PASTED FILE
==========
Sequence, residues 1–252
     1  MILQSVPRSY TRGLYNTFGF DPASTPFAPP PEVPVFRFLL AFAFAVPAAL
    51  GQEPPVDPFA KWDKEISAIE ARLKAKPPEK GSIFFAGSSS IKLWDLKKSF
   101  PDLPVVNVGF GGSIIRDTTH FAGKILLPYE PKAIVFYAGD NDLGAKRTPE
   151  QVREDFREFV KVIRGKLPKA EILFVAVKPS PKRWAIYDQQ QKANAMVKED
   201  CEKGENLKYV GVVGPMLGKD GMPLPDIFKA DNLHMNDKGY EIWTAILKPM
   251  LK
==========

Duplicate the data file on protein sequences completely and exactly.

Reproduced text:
Sequence, residues 1–252
     1  MILQSVPRSY TRGLYNTFGF DPASTPFAPP PEVPVFRFLL AFAFAVPAAL
    51  GQEPPVDPFA KWDKEISAIE ARLKAKPPEK GSIFFAGSSS IKLWDLKKSF
   101  PDLPVVNVGF GGSIIRDTTH FAGKILLPYE PKAIVFYAGD NDLGAKRTPE
   151  QVREDFREFV KVIRGKLPKA EILFVAVKPS PKRWAIYDQQ QKANAMVKED
   201  CEKGENLKYV GVVGPMLGKD GMPLPDIFKA DNLHMNDKGY EIWTAILKPM
   251  LK